session = factory.getCurrentSession(); session.beginTransaction(); turtle.setSize(TurtleSize.MEDIUM); session.update(turtle); session.getTransaction().commit();
This approach is simple but we will write the changes to the database in every step. If you want a acid transaction saving either all or none of the changes to turtle, we would have store the turtle in the HTTP session for example and save it only in the last step.
The pattern Open-Session-in-View extends the lifetime of the session. You can find an example in the project OpenSessionInView. In this project a Servletfilter opens a session and begins a transaction. After this the application logic is called, then the JSP is called to render a view. At the end the transaction is committed and the session is closed.
This is a pretty old approach to do this and will talk about a better approach later one. But let’s have a lock at the advantages and disadvantages. Basically it is the opposite of the last approach. We probably don’t get the LazyInitializationException any more but it might happen that data is inefficiently fetched during the rendering of the view.
Another problem we will face is exception handling. The commit of the transaction happens in the servlet filter. With the commit Hibernate flushes all open SQL statements. If we get any exception there, the view is already rendered and we can’t even show an error page. The page is already partly rendered and the browser will not accept a redirect at this point.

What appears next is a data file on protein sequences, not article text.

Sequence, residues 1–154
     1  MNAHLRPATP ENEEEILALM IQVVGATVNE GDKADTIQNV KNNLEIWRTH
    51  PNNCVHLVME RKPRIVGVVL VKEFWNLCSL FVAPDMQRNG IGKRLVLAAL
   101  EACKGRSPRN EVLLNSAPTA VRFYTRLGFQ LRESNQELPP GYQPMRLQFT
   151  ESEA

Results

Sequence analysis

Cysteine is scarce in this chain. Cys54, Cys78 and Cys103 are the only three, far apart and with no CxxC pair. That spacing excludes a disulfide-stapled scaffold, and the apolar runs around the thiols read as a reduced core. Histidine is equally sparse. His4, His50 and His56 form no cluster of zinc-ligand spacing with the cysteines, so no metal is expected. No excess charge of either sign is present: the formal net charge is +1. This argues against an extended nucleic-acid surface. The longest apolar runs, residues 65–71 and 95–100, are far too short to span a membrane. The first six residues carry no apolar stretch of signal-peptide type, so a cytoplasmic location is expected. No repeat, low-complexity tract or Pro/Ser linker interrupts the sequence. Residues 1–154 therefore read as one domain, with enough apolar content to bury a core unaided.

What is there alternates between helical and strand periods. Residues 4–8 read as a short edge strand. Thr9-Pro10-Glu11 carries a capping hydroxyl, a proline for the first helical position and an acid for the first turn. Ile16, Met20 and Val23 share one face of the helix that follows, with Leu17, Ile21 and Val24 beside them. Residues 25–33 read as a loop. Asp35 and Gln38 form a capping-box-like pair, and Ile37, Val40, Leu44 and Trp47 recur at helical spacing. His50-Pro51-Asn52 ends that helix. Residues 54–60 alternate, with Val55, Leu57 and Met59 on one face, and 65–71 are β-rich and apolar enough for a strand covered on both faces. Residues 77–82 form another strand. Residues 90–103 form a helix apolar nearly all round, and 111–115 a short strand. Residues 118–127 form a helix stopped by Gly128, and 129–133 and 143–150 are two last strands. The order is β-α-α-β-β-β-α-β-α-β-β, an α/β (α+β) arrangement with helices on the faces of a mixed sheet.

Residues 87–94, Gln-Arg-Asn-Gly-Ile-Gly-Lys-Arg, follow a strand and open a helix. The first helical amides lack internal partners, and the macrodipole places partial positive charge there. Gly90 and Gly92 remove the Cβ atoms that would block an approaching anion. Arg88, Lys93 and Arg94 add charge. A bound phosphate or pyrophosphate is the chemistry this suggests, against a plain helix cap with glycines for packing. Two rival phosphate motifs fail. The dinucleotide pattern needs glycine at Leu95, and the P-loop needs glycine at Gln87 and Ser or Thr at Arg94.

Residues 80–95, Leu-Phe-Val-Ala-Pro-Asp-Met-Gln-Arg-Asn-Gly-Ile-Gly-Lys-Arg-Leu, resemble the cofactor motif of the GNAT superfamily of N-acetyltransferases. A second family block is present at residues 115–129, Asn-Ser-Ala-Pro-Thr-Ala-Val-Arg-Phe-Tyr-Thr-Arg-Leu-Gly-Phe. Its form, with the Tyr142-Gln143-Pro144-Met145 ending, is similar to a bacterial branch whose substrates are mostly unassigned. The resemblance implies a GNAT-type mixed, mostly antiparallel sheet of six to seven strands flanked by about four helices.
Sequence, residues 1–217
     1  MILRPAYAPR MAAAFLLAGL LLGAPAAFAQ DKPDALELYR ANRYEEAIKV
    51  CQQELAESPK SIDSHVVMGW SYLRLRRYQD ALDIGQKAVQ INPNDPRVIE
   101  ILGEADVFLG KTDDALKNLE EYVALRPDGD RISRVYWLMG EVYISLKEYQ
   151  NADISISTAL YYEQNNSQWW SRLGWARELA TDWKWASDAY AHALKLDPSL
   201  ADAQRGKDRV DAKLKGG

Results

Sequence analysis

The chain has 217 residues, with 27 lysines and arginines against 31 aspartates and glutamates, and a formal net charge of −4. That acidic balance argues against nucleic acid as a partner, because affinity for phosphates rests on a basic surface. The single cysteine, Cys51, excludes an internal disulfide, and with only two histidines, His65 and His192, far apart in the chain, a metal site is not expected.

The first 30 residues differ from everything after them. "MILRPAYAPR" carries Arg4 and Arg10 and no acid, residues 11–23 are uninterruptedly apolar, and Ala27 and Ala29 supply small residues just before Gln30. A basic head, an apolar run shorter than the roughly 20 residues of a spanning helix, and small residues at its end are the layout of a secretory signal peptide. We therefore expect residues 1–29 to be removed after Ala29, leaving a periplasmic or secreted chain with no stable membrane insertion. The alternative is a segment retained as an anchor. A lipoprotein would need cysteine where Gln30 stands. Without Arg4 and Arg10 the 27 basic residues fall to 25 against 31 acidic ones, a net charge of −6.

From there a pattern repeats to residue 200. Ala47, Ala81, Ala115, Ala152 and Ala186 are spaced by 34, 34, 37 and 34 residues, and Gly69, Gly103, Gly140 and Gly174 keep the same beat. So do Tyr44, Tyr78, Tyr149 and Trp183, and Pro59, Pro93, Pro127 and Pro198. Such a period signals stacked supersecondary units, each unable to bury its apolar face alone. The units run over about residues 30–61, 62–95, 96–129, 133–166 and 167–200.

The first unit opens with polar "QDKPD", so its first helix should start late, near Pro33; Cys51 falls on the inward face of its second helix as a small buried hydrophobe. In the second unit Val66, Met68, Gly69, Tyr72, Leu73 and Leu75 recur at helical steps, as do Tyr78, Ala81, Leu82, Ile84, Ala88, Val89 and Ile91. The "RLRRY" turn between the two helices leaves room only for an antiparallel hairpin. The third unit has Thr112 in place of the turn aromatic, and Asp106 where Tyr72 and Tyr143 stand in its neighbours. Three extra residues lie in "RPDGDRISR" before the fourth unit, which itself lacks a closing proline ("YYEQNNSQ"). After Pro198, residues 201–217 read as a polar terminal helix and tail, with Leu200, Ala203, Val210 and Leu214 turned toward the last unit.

At a minimum measure you should call session.flush in the application logic to enforce that open statements are inserted. This will probably reduce the number of exceptions but still a commit might fail.
The best approach in my opinion is to commit the transaction inside of the application logic and to open a second transaction for rendering. You will need some coding and might use the ManagedSessionContext class of Hibernate in that case.
Concerning the conversation, we will have the same code as in the last example. Between requests, all entities will be in detached state and need to be reattached, if we want to change them.
Between the requests we need to store the session somewhere. One option is for example the HTTP Session of a web application.
In every dialog happens a transaction, but we tell Hibernate not to flush any SQL statements. Normally a commit would flush all open statements. If we set the FlushMode of the session to manual, then we take over the responsibility and can do the flushing at the end. Let’s have a look at the code.